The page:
From Wikipedia, the free encyclopedia
The lithium iron phosphate (LiFePO4) battery
is a type of
rechargeable battery based on the original
lithium ion chemistry, created by the use of LiFePO4
cathode material. It is not yet widely in use.
LiFePO4 cells have higher discharge current, do
not explode under extreme conditions and weigh less, but have
lower voltage and energy density than normal Li-ion cells.
Because this type of battery is not widely in production, little
performance information is available. Pihsiang Energy Technology
Co. LiFePO4 batteries (distributed by Valence) have
already begun shipping in some scooters and electric bicycles.
LiFePO4 was proposed by researchers at the
University of Texas in 1997 because of its low cost,
non-toxicity, the high abundance of iron, its excellent thermal
stability, safety characteristics, good electrochemical
performance, and high specific capacity (170
but was unusable due to the low conductivity of LiFePO4
until 2002, when
Yet-Ming Chiang and his coworkers at
doping the cathode with conductive materials — such as
The increased conductivity allowed development to move forward.
Recent research has included
carbon doping — with both
carbon black and
graphite. In carbon doping, specific capacities of up to 130
mA·h/g were achieved.
Advantages and disadvantages
Being a lithium-ion-derived chemistry, the LiFePO4
chemistry shares many of the advantages and disadvantages of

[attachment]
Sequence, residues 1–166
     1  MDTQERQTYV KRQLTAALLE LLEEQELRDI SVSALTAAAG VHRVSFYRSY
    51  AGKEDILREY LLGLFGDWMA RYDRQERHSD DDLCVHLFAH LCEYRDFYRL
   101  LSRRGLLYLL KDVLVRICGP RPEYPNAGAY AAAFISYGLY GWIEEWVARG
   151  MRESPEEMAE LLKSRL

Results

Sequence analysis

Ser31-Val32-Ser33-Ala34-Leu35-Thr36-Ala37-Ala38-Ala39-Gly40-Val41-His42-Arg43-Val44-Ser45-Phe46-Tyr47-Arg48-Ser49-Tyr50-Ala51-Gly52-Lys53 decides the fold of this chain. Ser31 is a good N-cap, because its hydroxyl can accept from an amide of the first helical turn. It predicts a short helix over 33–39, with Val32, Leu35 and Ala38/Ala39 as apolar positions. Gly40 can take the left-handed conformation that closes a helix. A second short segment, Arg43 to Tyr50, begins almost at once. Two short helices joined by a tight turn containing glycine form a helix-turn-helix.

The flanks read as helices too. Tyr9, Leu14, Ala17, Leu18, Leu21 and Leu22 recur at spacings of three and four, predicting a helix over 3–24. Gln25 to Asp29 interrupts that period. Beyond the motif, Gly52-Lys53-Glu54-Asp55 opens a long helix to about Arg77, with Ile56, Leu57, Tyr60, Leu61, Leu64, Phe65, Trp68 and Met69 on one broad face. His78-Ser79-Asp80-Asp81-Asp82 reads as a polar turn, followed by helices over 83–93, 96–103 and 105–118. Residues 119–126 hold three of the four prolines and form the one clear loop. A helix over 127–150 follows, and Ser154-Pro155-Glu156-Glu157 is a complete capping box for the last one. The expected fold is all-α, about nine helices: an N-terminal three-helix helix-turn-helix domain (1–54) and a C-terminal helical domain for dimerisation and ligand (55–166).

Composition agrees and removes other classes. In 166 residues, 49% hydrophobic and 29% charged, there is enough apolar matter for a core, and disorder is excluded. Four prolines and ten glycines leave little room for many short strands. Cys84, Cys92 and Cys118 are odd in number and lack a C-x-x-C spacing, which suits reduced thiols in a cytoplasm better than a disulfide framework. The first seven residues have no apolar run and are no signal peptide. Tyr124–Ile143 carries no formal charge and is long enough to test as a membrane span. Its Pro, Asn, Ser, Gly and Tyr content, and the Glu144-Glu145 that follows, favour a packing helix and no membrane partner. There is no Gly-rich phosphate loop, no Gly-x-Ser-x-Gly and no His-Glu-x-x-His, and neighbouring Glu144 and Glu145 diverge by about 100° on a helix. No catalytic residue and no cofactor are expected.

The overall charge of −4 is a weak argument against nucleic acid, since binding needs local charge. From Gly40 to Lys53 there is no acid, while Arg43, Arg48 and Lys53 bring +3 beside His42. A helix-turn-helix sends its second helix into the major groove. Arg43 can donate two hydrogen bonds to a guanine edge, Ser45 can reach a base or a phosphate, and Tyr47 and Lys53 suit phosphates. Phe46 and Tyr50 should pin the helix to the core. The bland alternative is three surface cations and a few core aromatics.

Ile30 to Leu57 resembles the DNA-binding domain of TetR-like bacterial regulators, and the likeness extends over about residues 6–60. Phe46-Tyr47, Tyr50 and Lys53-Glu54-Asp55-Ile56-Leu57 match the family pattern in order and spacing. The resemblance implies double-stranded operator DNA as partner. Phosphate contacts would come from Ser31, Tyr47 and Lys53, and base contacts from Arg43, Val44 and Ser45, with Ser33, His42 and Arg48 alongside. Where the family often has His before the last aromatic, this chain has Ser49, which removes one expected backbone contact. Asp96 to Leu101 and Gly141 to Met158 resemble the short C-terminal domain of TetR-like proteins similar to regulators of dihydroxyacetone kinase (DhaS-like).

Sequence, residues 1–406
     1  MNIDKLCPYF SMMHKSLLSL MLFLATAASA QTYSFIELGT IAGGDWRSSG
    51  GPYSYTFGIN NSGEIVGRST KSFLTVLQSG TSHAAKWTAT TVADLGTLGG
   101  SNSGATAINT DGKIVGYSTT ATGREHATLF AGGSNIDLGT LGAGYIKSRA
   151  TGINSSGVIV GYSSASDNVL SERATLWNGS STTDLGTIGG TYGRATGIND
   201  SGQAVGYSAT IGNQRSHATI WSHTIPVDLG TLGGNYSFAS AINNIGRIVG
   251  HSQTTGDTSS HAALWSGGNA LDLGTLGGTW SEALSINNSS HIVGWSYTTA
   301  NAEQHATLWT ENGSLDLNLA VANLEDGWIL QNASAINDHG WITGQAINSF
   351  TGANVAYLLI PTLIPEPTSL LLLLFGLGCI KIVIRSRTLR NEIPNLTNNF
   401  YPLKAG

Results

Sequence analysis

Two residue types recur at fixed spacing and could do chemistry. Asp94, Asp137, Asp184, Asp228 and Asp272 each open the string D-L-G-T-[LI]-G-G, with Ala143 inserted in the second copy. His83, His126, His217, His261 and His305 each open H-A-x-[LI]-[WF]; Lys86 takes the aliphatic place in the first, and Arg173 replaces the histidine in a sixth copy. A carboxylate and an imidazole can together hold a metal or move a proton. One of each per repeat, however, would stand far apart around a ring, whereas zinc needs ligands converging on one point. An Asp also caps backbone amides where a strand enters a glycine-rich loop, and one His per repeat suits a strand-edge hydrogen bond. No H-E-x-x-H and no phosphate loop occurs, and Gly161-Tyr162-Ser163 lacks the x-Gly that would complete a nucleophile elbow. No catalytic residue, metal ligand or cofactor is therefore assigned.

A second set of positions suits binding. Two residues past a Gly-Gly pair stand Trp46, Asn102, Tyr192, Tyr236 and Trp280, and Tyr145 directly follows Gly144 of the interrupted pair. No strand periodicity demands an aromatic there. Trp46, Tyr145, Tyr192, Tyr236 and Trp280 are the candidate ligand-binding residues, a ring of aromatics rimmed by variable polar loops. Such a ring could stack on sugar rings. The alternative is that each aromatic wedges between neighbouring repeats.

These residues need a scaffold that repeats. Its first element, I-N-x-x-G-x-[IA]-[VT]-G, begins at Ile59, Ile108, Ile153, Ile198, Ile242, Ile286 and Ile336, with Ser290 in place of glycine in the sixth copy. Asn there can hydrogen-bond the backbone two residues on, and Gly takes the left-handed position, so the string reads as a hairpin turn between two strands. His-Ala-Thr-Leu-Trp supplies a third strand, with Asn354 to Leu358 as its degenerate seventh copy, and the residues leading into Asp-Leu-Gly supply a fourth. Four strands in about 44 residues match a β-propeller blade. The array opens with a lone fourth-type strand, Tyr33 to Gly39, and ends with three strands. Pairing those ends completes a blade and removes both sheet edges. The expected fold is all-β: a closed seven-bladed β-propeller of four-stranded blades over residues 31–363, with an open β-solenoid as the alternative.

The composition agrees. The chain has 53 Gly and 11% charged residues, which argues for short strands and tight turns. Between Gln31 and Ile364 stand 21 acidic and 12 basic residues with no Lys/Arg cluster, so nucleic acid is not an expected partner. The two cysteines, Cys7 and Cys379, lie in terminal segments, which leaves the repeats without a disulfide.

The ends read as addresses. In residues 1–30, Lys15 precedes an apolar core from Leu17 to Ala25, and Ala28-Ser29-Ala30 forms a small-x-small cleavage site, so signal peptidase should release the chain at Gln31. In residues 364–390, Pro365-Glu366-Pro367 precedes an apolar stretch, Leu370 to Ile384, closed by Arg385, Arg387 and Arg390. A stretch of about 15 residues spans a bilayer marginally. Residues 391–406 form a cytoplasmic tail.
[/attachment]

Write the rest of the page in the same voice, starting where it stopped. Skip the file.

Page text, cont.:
lithium ion chemistry. Key differences are safety and
current rating. Cost is claimed to be a major difference, but
that cannot be verified until the cells are more widely
LiFePO4 is an intrinsically safer cathode material
than LiCoO2. The Fe-P-O bond is stronger than the
bond so that when abused, (short-circuited, overheated, etc.)
the oxygen atoms are much harder to remove. This stabilization
of the redox energies also helps fast ion migration. Only under
extreme heating (generally over 800 °C) does breakdown occur,
which prevents the
thermal runaway that LiCoO2 is prone to.
As lithium migrates out of the cathode in a LiCoO2
cell, the CoO2 undergoes non-linear expansion, which
affects the structural integrity of the cell. The fully
lithiated and unlithiated states of LiFePO4 are
structurally similar, which means that LiFePO4 cells
are more structurally stable than LiCoO2 cells.
No lithium remains in the cathode of a fully charged LiFePO4
cell — in a LiCoO2 cell, approximately 50% remains in
the cathode. LiFePO4 is highly resilient during
oxygen loss, which typically results in an exothermic reaction
in other lithium cells.
Cheaper, Safer Batteries: New material charges up
lithium-ion battery work" (html).
safer Li ion batteries" (html).
- ^ . "Effect
of conductive additives in LiFePO4 cathode for lithium-ion
Rechargeable batteries |